'Outcast': Film Review

Nicolas Cage continues his career free-fall

Former Crusaders battle the forces of an evil usurper to the throne in this 12th century China-set epic.

Representing one of the more egregious examples of a performer not being given his due, Nicolas Cage has never won a Golden Raspberry Award for Worst Actor. This, after being nominated numerous times for such career defining efforts as The Wicker Man, Ghost Rider, Drive Angry and Season of the Witch, among others. The good news is that the actor seems a shoo-in to win next year, thanks to his wildly campy turn in Outcast, the 12th century China-set adventure in which he plays a former Crusader known as "The White Ghost." That is, if his co-star Hayden Christensen, doing equally deserving god-awful work, doesn't beat him out for the prize, especially since he has twice the screen time.

After an intense, battle-filled prologue set in the "Middle East" where we're introduced to world-weary Crusaders Jacob (Christensen) and his mentor Gallain (Cage), the action shifts three years later to the "Far East." There a Chinese king makes the unfortunate mistake of picking his youngest son Zhao (Bill Su Jiahang) to succeed him rather than Zhao's older brother Shing (Andy On). Hastening the succession process along, Shing kills his father and dispatches his murderous Black Guards to pursue his fleeing teenage sibling and their sister Lian (Lie Yifei).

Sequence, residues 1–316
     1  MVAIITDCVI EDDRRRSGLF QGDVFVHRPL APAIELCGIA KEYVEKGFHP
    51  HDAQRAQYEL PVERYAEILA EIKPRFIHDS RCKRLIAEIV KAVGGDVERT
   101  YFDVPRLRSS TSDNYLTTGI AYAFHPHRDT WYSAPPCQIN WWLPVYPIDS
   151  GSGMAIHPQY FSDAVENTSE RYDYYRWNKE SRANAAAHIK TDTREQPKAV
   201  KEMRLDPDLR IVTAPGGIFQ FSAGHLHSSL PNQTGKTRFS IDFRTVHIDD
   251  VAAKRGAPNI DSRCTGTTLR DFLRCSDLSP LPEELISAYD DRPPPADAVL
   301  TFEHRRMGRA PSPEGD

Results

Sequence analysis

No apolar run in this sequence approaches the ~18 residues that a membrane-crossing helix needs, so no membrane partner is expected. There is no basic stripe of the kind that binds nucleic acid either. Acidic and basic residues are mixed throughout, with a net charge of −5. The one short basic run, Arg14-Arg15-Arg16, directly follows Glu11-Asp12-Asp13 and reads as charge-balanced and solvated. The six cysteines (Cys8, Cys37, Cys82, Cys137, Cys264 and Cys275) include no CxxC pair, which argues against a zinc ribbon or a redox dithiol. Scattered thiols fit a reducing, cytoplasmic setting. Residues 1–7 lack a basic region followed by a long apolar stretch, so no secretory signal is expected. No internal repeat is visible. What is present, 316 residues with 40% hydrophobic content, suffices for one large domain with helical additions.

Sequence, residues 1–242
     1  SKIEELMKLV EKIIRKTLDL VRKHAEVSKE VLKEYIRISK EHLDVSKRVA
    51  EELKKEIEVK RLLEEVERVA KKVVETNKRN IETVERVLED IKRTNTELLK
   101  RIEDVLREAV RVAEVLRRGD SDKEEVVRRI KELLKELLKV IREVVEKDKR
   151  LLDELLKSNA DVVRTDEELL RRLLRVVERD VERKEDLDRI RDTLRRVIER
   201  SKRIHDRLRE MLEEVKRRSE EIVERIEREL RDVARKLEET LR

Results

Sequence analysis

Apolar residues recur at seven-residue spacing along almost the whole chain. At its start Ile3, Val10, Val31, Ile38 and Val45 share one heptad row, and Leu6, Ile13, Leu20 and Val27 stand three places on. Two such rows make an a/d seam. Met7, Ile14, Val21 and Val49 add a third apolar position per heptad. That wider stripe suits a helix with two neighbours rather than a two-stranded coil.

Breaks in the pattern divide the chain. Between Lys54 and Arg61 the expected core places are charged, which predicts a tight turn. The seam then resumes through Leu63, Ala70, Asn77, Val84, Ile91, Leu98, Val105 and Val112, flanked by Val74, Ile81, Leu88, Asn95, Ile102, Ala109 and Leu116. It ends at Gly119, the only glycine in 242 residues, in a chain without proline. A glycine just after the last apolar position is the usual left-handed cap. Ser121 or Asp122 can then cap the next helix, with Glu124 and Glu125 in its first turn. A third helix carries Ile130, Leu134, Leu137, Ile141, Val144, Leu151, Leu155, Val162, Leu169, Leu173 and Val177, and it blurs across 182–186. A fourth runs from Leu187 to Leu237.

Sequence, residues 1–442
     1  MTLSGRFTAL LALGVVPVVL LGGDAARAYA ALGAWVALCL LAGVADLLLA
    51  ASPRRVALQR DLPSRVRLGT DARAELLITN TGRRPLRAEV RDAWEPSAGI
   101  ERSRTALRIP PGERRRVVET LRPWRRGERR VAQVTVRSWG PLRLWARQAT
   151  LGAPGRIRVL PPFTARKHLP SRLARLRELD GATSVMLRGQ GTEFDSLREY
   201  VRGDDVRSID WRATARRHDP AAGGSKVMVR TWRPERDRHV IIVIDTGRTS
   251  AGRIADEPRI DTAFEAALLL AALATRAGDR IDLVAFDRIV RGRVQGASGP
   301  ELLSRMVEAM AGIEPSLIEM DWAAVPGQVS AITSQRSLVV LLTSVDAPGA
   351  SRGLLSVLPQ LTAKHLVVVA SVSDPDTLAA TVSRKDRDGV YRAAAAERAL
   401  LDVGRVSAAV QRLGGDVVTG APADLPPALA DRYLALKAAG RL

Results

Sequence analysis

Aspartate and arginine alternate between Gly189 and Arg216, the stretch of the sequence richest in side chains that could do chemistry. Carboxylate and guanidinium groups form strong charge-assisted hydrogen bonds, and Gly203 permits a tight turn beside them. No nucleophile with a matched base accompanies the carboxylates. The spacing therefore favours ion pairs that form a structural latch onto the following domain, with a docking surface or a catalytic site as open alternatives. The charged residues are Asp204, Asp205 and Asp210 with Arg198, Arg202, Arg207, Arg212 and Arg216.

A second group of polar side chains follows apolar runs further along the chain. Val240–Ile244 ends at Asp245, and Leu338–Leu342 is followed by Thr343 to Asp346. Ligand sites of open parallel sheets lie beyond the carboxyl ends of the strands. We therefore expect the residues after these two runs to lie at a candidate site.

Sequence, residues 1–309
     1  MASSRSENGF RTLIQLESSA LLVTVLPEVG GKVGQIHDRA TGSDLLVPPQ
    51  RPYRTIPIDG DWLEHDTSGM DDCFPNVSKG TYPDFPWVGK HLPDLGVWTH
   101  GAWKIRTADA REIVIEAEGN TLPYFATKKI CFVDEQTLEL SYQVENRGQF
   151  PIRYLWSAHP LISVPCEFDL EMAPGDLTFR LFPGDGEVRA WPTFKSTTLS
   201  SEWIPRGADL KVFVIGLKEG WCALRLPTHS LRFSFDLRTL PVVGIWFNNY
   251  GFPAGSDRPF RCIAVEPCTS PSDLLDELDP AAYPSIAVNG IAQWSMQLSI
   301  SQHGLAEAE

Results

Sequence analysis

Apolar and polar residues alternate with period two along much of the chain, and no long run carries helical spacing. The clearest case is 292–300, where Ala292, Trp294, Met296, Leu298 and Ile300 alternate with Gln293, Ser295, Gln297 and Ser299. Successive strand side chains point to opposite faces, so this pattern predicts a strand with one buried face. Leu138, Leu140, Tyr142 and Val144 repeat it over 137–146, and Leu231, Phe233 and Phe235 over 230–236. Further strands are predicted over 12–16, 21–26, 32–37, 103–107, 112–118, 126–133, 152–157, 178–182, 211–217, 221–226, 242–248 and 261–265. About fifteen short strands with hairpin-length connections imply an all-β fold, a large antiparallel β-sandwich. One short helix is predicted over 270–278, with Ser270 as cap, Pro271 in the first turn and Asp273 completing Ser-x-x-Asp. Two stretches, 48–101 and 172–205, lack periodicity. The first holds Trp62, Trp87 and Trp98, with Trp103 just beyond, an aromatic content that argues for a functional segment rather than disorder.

The pair soon comes into contact with the disaffected, opium-addicted Jacob, who apparently has the same hair stylist as Justin Bieber. He reluctantly takes them under his protective wing, teaching Zhao how to use a bow and arrow and providing lessons to Lian of a more amorous kind.

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The film perks up considerably around the one-hour mark with the reappearance of Cage's Gallain, sporting an equally outrageous coiffure and squinting through one eye like Popeye. Affecting a stylized British accent, the actor manages to outdo Charles Laughton in terms of hamminess, never more so than when he thoughtfully scratches his chin with the snake wrapped around his wrist and bellows "Where's my wine?" in a gravelly voice.

Marking the directorial debut of veteran stunt coordinator Nicholas Powell, the film features endless sword and knife battles that fail to make an impact despite their freneticism. It does, however, offer gorgeously scenic Chinese locations that probably account for why Cage and Christensen agreed to participate. It's a China/Canada/France co-production, demonstrating that movie companies seem far more cooperative than governments.

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Early in the film, Jacob says to Gallain, "You're not the man you once were," receiving the reply "None of us are." Considering the unfortunate state of these actors' careers, the exchange takes on an all too sad relevance.

Production: Notorious Films, 22h22, Media Max Productions
Cast: Hayden Christensen, Nicolas Cage, Liu Yifei, Andy On, Bill Su Jiahang, Anoja Dias Bolt, Jike Junyi
Director: Nicholas Powell
Screenwriter: James Dormer
Producers: Alan Zhang, Jeremy Bolt, Christopher Milburn, Karine Martin, Gary Hamilton, Ying Ye, George Mizen, Leonard Glowinski, Tove Christensen, Xun Zhang
Executive producers: Mark Canton, Mike Gabrawy, Mark Slone, Jean-Francois Doray, Elise Boulet, Marc Charette, Li Qiyan, Andrew Mann
Director of photography: Joel Ransom
Production designers: Nigel Churcher, Yang Haoyu
Editor: Nicolas Trembasiewicz
Costume designers: Zhu Yongfeng, Zhu Yongzhong
Composer: Guillaume Roussel
Casting: PoPing AuYeung

No rating, 98 minutes